Beth Cavener | Through an Empty Place (detail) | Stoneware, paint, wood | 67 x 47 x 12 inches

From the Editor: Creative Lessons

As an editor, putting each issue of Big Sky Journal together is like working on a puzzle. There are different components that make up the final picture, and you hope that when it’s all pieced together, it fits well and that the stories complement each other and the season or overall theme they’re intended to cover. The annual ARTS issue is a little different: Knowing that we’re going to cover artists of all types from our region, the issue is rooted in creativity and naturally fits together. But what strikes me about this one, besides the
fact that we have so much talent in the Northern Rockies, is that every artist’s tale seems to convey a lesson.

Due to the state of the world, perhaps these lessons just resonate with me more right now. Whether it’s a reflection on what inspired them to become artists, the messages they hope to convey through their work, or the freedom that exists in doing something they’re truly passionate about, I find the wisdom imparted by each artist valuable.

Through her work, sculptor Beth Cavener, for instance, seeks to inspire empathy by giving the animal figures she creates relatable human features. “I wanted to find a way to circumvent the specifics of human identity,” she says. “So many of the struggles, conflicts, isolation, and misunderstandings seemed to stem from an absence of empathy — the ability to see yourself from the perspective of another’s emotions and experiences.” When people, even unknowingly, relate to her pieces, she hopes it helps them relate to others with more patience and compassion.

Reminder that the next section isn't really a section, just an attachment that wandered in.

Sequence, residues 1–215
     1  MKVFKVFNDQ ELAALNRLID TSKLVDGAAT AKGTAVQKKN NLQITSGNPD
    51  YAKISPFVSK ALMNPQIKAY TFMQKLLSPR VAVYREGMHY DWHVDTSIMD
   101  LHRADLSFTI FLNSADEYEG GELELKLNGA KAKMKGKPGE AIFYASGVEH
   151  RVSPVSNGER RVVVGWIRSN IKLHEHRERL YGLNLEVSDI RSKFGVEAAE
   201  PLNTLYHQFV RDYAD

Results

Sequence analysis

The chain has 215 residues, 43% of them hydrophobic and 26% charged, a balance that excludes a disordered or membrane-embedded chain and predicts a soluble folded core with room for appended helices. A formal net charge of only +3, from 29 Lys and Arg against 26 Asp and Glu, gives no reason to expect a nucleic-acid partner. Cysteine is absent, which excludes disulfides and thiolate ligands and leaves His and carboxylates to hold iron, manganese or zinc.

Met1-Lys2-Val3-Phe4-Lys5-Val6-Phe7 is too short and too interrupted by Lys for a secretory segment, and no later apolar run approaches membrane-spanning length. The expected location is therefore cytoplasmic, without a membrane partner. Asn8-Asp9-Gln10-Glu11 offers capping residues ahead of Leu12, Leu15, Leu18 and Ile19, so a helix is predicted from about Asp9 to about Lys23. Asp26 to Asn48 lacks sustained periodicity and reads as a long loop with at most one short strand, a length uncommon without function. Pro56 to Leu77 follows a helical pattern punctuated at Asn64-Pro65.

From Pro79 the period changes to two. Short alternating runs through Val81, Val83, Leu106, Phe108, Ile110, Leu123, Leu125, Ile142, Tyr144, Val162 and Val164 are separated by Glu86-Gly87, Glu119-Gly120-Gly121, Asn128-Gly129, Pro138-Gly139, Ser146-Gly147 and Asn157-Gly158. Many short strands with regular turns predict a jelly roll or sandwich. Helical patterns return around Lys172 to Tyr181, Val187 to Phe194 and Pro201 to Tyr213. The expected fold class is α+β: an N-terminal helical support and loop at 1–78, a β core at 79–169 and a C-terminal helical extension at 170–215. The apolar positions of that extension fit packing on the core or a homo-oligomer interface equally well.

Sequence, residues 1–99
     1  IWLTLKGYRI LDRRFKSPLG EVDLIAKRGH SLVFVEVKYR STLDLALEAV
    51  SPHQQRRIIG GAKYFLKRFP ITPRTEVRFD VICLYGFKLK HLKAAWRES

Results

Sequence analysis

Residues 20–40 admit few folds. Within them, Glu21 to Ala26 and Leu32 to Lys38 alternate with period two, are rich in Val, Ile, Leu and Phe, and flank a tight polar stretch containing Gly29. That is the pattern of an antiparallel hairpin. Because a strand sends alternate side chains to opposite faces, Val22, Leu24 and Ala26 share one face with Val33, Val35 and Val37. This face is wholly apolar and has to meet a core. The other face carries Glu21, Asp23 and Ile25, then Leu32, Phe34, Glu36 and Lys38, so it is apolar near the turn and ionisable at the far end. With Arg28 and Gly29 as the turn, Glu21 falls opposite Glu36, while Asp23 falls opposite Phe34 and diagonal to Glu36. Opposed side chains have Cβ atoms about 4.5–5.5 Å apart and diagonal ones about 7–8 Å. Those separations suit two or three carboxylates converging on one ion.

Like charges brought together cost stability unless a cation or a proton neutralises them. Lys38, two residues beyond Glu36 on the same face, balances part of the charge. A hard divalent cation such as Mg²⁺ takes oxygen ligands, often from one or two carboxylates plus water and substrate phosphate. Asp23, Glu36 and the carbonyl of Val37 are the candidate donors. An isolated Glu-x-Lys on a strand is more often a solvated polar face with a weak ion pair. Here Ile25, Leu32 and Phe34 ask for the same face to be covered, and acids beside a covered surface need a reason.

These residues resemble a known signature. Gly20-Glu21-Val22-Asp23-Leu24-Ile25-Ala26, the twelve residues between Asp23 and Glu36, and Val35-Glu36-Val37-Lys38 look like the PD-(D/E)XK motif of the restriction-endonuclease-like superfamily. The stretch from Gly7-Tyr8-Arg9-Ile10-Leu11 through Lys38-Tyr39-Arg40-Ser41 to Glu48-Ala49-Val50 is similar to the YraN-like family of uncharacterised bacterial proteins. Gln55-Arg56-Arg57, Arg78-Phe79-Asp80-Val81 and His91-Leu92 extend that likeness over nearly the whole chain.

Artist M.C. Poulson spent the past 10 years painting Yellowstone’s waterfalls — 50 to date — and has always been driven by a sheer passion for creativity. “I realized that you have to be happy within yourself, follow your own intuition, and not worry about what sells and what doesn’t,” he says. Art has helped him beat cancer and discover the beauty of places he would never have seen, giving him a sense of purpose.

The work of five female artists from Jackson Hole, Wyoming, was recently featured in an exhibit at the Booth Western Art Museum in Texas. And although each artist works in different styles and mediums, and each has completely different ties to that area, it’s an example of how important a sense of place is for the soul, and how everyone expresses that in their own way.

Artist Gordon McConnell found inspiration in the cowboy figures he grew up watching in classic Western films, demonstrating how impressionable childhood dreams can be. More recently, however, he’s found himself conflicted by the violence that’s conveyed through the iconic cowboy, questioning where his work will go next. And Montana-based artist Dick Idol is an example of how a collection of historic memorabilia can represent a life well lived and also inspire ongoing creativity.

Things feel pretty heavy these days. I hope that the lessons shared by the artists inside help you wonder at the world in a new way. I hope that these stories offer a brief respite, inspire creativity, and allow you to remember that there’s still beauty in the world.

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